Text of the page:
Well, well, well... It seems that Jason Whitlock is bit of a laptop gangsta.
From the relative distance of of his national platform on AOL, Whitlock wrote a scathing article about NBA All Star Weekend condemning it as an "unmitigated failure" ruined by "young hip-hop hoodlums" that have "transformed the league's midseason exhibition into the new millennium Freaknik, an out-of-control street party that features gunplay, violence, non-stop weed smoke and general mayhem."
But, in his article on the same event for the Kansas City Star, Whitlock painted a much different picture. Perhaps he knows better than to walk the streets of Kansas City after writing checks his ass can't cash. Not so much "real talk" when you're not tucked safely behind your laptop, eh Jason? In stark to contrast the AOL article, Whitlock romantically describes the very same All Star weekend as "a calling you felt deep in the pit of your stomach" for young Black men and women and went on and on about the fun times he had with his buddies. He only meekly criticized the event "as a mixed bag of good and bad."
There is quite a difference from big, bad "real talk" AOL Jason and midwest, guy next door Jason. Which one should we listen to? Neither.
Why would Whitlock want to write two different things? Looking for attention? Looking to start controversy? Pandering to the audience?
First of all, I want to stand up and identify myself as one of the "hoodlums" Jason Whitlock identifies in his AOL article. Yes, I am one of the hoodlums that has turned NBA All Star Weekend into bedlam over the past 5 or 6 years. I love going to NBA All Star Weekend. Some years I go to the games and other "official" events. Some years I don't. I mostly enjoy the whole atmosphere of it and the opportunity to put on a nice dress and have a good time with people like me. I decided not to go to Vegas this year because I knew it would ultimately be a crap shoot on whether it would be worth the trouble. Sure, Vegas would be fun on some level no matter what. However, I knew Vegas would have tremendous problems with traffic, huge crowds and just a general inclination to mill about. All these things do not, personally, make for a fun All Star. It turns out my assumptions were true and I do not regret skipping Vegas. Only certain cities are ideal for All Star from my perspective. Cities like Philly, Atlanta and Vegas were not. However, I have no reason to believe that Vegas was any less or more dangerous than any small area with thousands of partygoers whether it's All Star Weekend, Spring Break, the National Cocktail Party or Mardi Gras.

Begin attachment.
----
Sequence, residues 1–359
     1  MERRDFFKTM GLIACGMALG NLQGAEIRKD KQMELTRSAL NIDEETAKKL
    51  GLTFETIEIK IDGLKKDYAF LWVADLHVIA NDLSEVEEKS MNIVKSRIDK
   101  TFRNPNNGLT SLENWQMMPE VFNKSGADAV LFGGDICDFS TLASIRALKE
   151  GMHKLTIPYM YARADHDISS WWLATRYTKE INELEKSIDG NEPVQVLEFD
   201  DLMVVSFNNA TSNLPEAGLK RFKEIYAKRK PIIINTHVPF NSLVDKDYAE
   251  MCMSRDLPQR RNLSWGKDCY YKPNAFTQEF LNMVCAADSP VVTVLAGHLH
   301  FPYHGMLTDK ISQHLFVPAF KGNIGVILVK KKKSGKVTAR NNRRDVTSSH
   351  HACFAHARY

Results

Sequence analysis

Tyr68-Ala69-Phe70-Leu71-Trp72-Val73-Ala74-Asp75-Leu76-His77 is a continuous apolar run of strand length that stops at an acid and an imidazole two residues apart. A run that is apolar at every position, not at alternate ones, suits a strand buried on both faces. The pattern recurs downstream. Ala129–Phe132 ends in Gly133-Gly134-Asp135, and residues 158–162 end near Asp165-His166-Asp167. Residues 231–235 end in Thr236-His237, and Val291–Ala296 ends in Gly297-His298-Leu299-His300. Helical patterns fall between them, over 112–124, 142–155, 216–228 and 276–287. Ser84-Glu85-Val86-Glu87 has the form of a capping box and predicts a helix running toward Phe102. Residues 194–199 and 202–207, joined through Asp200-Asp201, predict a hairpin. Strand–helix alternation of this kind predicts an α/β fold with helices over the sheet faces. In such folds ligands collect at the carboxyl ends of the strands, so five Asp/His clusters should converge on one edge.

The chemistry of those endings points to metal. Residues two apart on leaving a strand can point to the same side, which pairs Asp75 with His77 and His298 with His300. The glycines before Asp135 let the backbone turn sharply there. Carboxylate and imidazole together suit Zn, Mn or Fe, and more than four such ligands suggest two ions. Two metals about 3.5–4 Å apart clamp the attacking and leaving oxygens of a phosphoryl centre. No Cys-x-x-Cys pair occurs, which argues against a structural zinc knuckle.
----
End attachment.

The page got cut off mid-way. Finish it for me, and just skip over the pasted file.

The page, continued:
But I may rejoin my fellow "hoodlums" in New Orleans. I have no concerns about my prospective safety in New Orleans. If any event should be described as bedlam, it would be Mardi Gras. But if New Orleans can handle the alcohol fueled titty baring, I'm sure they can handle All Star just fine.
And I doubt there is some media/David Stern conspiracy to suppress all of the "mayhem" that went down in Vegas. It's not that deep. Serious mayhem doesn't go down in casinos - period. And Whitlock went out of his way in his AOL article to cobble together anecdotes of fear and terror from the locals and rumors from cab drivers and gossip sites. But, there were A LOT of people in town, not just Bloods and Crips. There was a huge apparel convention, the NBA All Star weekend revelers and, the biggest draw of all, Chinese New Year. (If you want to pin blame for any violence, don't sleep on the Chinese. The Triad doesn't play.) Any disturbances and everyone assumes it was the NBA, the hip-hoppers, and/or the thugs.
Some have been wondering where the coverage of the lawless chaos in Vegas has been. It's here now. It was even brought up on PTI today (Wilbon didn't agree with Whitlock's characterization) (Update: Whitlock made The Drudge Repot. I'm sure he's proud). All because Jason Whitlock decided to speak up and be that guy. Now that some Negro has said it, it's okay to agree, I suppose.
Frankly, ever since Whitlock was, ahem, dismissed by ESPN, he has become a bitter, disingenuous writer. He used to be insightful. Now he's just a curmudgeon at thirty something. I suppose it's his idea of revenge against the "bojanglers" to be a tour guide for certain Americans who like to be told what they want to hear. Just because Whitlock can say certain things because he's Black doesn't mean they are true. If Whitlock wants to be "that Negro", he's free to do so. But I hope he peeps the irony that telling certain people what they want to hear he is just pandering - or as he would put it, "bojangling."
For further Whitlock-related frustration, check out Sports Media Watch, an excellent blog.
(Thanks to Sports Media Watch for the picture. Thanks to reader, Diallo, for the heads up on the hypocrisy. And thanks to Andre 3000 for the title, a lyric in the "Walk It Out" Rmx.)